Lots of misinformation appears as a natural human response to disaster events such as COVID-19 pandemic. Uncertainty leads to anxiety, which makes people try to come together and make sense of the situation.  We call this an act of collective sense-making, which very often ends as misinformation.


Evolutionary psychologists describe gossip as strategies people use to influence others [14]. Social media likes pseudoscience because it often influences people’s lifestyles and choices – e.g. diets and buying vitamin supplements. Pseudoscience is shareable, often easier to understand and grabs attention more than real science; hence, it churns more money.


Not only people or social media spread fake news.


Scientists and scientific journals do that as well [15]. Fake science is a real problem due to predatory journalism and the publishing business. The percentage of scientific articles retracted because of fraud has increased by order of magnitude since 2000 [16].


At this very moment, Coronavirus experts are bombarded with reviewing article submissions, which they are working through as quickly as possible [17]. Fast very often means bad quality peer review, and will result in the emergence of misinformation.






What can be done to reverse the post-truth era and stop this vicious fake news spread?


Unfortunately, debunking misinformation, unless done with tact and empathy, will often provoke those who believe in it and make them cling to the pseudoscientific anecdote even more.


Efforts are needed to stop the spread of false information via social media such as modifications to computer algorithms that favor ‘trending’ but fraudulent stories and development of tools that help identify false claims [10].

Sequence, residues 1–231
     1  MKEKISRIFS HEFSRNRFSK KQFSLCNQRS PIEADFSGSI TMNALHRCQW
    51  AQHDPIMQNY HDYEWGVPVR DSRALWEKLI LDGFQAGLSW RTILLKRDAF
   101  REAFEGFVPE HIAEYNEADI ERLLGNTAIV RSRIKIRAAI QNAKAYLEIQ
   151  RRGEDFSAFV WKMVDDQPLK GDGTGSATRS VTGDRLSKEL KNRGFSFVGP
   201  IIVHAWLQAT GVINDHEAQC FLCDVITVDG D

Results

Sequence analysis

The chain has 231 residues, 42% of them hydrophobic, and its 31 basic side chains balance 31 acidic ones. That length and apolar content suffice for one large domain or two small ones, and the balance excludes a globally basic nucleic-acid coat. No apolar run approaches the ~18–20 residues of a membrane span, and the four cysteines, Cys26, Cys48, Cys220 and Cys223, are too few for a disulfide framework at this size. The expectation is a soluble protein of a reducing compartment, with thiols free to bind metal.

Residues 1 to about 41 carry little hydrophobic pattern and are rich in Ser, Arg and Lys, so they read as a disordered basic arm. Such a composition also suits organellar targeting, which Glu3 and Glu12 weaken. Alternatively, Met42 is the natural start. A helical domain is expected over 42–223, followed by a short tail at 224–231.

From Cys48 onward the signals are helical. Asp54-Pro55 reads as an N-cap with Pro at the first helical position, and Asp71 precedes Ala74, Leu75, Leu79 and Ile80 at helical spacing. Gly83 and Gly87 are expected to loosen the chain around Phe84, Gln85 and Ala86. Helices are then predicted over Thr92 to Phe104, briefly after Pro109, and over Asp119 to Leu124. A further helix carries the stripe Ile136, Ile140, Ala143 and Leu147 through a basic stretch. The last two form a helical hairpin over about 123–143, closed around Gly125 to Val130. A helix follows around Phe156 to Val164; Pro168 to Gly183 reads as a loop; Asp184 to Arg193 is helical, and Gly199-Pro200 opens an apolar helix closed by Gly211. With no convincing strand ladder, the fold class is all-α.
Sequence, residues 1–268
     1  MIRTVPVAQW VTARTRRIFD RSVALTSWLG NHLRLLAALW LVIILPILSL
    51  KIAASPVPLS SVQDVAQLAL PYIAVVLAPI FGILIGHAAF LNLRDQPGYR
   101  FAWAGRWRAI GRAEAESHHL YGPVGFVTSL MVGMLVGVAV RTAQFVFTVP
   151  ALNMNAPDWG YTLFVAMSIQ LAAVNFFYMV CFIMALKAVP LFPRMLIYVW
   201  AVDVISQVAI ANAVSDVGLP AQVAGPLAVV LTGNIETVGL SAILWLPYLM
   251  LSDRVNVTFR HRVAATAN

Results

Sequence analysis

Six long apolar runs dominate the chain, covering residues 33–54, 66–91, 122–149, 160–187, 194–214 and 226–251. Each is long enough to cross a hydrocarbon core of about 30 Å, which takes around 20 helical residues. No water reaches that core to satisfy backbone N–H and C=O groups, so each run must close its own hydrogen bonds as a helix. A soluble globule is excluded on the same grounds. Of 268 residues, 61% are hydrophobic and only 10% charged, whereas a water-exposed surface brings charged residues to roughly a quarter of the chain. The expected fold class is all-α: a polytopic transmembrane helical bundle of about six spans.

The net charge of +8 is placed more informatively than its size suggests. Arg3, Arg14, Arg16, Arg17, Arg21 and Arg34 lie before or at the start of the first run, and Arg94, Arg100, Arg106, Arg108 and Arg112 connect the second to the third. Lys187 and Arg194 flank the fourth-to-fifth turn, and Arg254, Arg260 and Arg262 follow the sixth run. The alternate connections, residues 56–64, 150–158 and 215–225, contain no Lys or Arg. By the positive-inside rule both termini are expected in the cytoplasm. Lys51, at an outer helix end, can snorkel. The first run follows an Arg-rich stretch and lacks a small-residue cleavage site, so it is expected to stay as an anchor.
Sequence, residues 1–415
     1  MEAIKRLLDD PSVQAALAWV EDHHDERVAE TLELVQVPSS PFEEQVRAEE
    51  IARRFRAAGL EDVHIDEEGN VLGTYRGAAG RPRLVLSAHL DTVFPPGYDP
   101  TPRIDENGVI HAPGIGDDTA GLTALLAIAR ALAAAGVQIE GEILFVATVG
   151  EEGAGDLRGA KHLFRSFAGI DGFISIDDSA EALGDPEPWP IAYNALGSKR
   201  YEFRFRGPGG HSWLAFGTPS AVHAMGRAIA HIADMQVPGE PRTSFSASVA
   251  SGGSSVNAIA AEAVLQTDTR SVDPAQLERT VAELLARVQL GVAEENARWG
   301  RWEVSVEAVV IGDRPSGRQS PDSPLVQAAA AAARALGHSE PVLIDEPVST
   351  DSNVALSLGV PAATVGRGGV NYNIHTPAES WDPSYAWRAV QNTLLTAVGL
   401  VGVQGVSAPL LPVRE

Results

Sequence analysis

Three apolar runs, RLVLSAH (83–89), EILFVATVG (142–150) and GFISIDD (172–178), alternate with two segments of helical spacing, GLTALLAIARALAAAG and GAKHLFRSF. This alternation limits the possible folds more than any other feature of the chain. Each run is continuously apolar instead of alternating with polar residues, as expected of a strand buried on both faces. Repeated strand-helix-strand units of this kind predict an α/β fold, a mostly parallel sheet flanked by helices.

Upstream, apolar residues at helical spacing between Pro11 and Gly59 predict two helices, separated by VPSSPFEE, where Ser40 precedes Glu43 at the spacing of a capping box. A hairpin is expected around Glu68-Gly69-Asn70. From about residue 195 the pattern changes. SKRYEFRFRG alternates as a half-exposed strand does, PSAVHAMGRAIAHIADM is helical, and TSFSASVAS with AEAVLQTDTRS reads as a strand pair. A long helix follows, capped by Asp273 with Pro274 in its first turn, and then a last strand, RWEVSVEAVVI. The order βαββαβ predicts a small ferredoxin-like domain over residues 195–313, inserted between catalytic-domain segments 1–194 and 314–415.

To cutback misinformation, we need worldwide media regulations, fact-checking and content moderation.


It is necessary to organise group action to address scientific issues of concern, such as vaccine hesitancy, public dialogue about gene editing or climate change agreements.


We need science communication activities such as the National Academies of Sciences Colloquiums and the commitment of science communicators more than ever [12,13,18,19].


To any reader – double-check the news reliability and source before you share it. And stay safe.



References

  1. Forsyth, M. G. (2019). "Post-truth era is destroying society and medicine." BMJ 367: l6932.
  2. http://connect.ceitec.cz/science-and-society/what-threat-does-the-anti-vaccination-movement-pose/
  3. http://connect.ceitec.cz/science-and-society/gmo-the-misunderstood-forbidden-fruit/
  4. https://www.motherjones.com/media/2020/03/want-to-avoid-spreading-coronavirus-misinformation-think-like-a-science-journalist/
  5. https://en.wikipedia.org/wiki/Moon_landing_conspiracy_theories
  6. https://www.livescience.com/24310-flat-earth-belief.html
  7. Scheufele, D. A. and N. M. Krause (2019). "Science audiences, misinformation, and fake news." Proc Natl Acad Sci U S A 116(16): 7662-7669.
  8. https://www.britannica.com/science/confirmation-bias
  9. https://www.scientificamerican.com/article/misinformation-has-created-a-new-world-disorder/
  10. https://royalsocietypublishing.org/doi/10.1098/rsos.190161
  11. (https://www.snopes.com/fact-check/banana-injected-blood-hiv/)
  12. https://www.wired.com/story/youtube-misinformation-scientists/
  13. https://www.sciencemag.org/news/2020/03/researchers-are-tracking-another-epidemic-too-misinformation#
  14. B. Guerin Language use as social strategy: a review and an analytic framework for the social sciences. Rev. Gen. Psychol., 7 (3) (2003), pp. 251-298
  15. http://theconversation.com/how-to-spot-bogus-science-stories-and-read-the-news-like-a-scientist-133828)
  16. Brainard J, You J. 2018What a massive database of retracted papers reveals about science publishing's ‘death penalty’. Science, 25 October 2018. 
  17. https://www.the-scientist.com/news-opinion/journals-peer-reviewers-cope-with-surge-in-covid-19-publications-67279
  18. https://www.hindawi.com/post/science-communication-how-can-it-help-against-fake-news/
  19. CMAJ 2019 July 29;191:E847-8. DOI: 10.1503/cmaj.1095782



Written by Agnieszka Szmitkowska

Edited by Somsuvro Basu and Markus Dettenhofer  


Publication date: 30.04.2020